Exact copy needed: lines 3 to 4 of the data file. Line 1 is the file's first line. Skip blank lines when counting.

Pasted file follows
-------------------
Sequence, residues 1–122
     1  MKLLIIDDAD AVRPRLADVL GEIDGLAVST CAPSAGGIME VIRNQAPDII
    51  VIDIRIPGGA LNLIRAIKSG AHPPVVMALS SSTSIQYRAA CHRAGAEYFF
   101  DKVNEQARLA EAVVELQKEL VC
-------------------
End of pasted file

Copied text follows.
    51  VIDIRIPGGA LNLIRAIKSG AHPPVVMALS SSTSIQYRAA CHRAGAEYFF
   101  DKVNEQARLA EAVVELQKEL VC